By INU Staff
INU - Three Iranian Christians, two of whom were Muslim converts, have been sentenced to at least a decade in prison for gathering with fellow Christians, according to Middle East Concern, an organisation dedicated to defending Christians in the Middle East and North Africa.
Pastor Victor Tamraz was sentenced to ten years in prison, Amin Naderi was sentenced to 15 years (possibly including time served), and Hadi Asgari was sentenced to ten years in prison and a subsequent two-year travel ban, in the first week of July.
Tamraz and Naderi were arrested in December 2014, at a Christmas celebration hosted by the Pastor.
Tamraz was charged with “conducting evangelism”, “illegal house church activities”, Bible printing and distribution” and other similar charges, while Naderi was charged with “acting against national security” and “insulting the sacred”.
Asgari was arrested in August 2016, whilst at a picnic, and “acting against national security” and “organising and creating house churches”.
Naderi and Asgari are both Muslim converts, which is why their charges include blasphemy.
Tamraz’s son Ramiel and wife Shamiran were arrested at the picnic alongside Asgari, but neither of their hearings have so far been scheduled.
Ramiel is charged with “acting against national security”, “organising and creating house churches”, and other charges relating to his father’s ministry.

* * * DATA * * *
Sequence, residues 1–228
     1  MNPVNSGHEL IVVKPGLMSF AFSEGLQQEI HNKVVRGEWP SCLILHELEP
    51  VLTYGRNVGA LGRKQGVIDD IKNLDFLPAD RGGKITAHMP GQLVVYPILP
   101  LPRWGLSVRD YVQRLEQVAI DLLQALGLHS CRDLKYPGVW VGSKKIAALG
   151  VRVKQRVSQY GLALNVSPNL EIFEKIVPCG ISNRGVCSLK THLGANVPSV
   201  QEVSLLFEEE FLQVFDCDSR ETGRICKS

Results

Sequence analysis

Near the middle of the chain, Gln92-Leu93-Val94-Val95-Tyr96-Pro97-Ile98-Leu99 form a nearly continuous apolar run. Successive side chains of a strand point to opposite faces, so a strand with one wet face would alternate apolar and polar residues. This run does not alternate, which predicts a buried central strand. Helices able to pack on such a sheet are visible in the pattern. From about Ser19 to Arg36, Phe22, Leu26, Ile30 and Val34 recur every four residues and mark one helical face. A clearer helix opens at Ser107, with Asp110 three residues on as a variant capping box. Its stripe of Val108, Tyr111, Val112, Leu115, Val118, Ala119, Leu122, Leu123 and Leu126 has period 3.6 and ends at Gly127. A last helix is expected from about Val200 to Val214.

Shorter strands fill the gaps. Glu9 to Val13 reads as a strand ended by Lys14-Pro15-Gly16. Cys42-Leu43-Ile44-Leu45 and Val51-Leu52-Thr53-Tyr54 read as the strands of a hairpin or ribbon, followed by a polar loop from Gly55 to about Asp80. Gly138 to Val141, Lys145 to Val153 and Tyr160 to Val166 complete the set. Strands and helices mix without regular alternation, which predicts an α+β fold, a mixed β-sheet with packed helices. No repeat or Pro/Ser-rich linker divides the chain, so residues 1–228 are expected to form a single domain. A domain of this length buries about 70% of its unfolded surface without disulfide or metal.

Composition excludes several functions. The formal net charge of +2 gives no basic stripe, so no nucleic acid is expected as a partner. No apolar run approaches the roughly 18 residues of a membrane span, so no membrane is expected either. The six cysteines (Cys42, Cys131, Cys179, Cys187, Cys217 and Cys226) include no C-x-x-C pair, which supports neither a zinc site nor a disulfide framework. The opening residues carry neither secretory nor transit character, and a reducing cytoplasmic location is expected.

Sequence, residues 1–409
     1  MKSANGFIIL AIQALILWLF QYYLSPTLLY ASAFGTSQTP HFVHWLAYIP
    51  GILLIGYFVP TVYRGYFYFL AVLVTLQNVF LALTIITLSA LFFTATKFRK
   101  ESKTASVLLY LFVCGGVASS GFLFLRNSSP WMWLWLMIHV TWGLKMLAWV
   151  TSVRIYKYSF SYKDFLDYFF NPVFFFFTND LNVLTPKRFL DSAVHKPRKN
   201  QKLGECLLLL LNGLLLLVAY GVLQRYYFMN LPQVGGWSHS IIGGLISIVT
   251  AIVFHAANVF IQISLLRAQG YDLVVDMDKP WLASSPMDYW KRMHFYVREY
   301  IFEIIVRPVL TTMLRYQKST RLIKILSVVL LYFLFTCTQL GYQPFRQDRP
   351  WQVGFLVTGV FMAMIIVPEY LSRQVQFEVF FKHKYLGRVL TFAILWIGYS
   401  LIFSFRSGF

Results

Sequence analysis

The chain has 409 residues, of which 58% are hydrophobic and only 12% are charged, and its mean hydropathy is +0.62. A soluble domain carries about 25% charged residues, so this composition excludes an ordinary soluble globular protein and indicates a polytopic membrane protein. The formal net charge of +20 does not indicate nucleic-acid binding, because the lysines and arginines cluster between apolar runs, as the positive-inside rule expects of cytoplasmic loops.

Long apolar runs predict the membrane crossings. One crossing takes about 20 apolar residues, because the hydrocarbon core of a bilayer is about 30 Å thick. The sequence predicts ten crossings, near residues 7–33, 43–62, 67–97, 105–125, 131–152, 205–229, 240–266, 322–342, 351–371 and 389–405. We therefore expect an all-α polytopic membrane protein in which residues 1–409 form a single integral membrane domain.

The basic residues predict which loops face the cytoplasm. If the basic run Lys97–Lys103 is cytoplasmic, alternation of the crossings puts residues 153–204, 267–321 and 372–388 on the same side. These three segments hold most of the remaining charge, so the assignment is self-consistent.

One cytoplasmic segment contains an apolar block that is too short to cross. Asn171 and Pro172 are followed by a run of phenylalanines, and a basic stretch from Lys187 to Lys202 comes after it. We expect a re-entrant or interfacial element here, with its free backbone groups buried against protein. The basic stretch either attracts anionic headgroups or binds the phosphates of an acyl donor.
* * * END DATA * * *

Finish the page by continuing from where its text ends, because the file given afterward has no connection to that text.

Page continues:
Shamiran was charged with “participating in foreign seminars” and “acting against Iranian national security”, but was released on a 100 million Tomans bail (approximately US $30,000).
There has been a large crackdown on Christians in Iran recently. In June, four Christians were charged with “acting against national security” but the judge was unable to reach a verdict. Three of the accused were sentenced to 80 lashes for drinking wine during Communion, when Christians drink the blood of Christ.
Four other Christians, who were doing missionary work, were sentenced to ten years for “acting against national security”.
To be clear, national security charges in Iran are essential what the Regime charges you with when they don’t have evidence that you committed a crime but want to punish you anyway.
Miles Windsor, with Middle East Concern, said: “The Iranian authorities I think are paranoid about anything which doesn’t sit with their perception of the world and of government and religion. So, anything which is perceived as outside of that, even though these house churches and these believers pose no threat to the Iranian regime, they see these house churches and these believers as a threat.”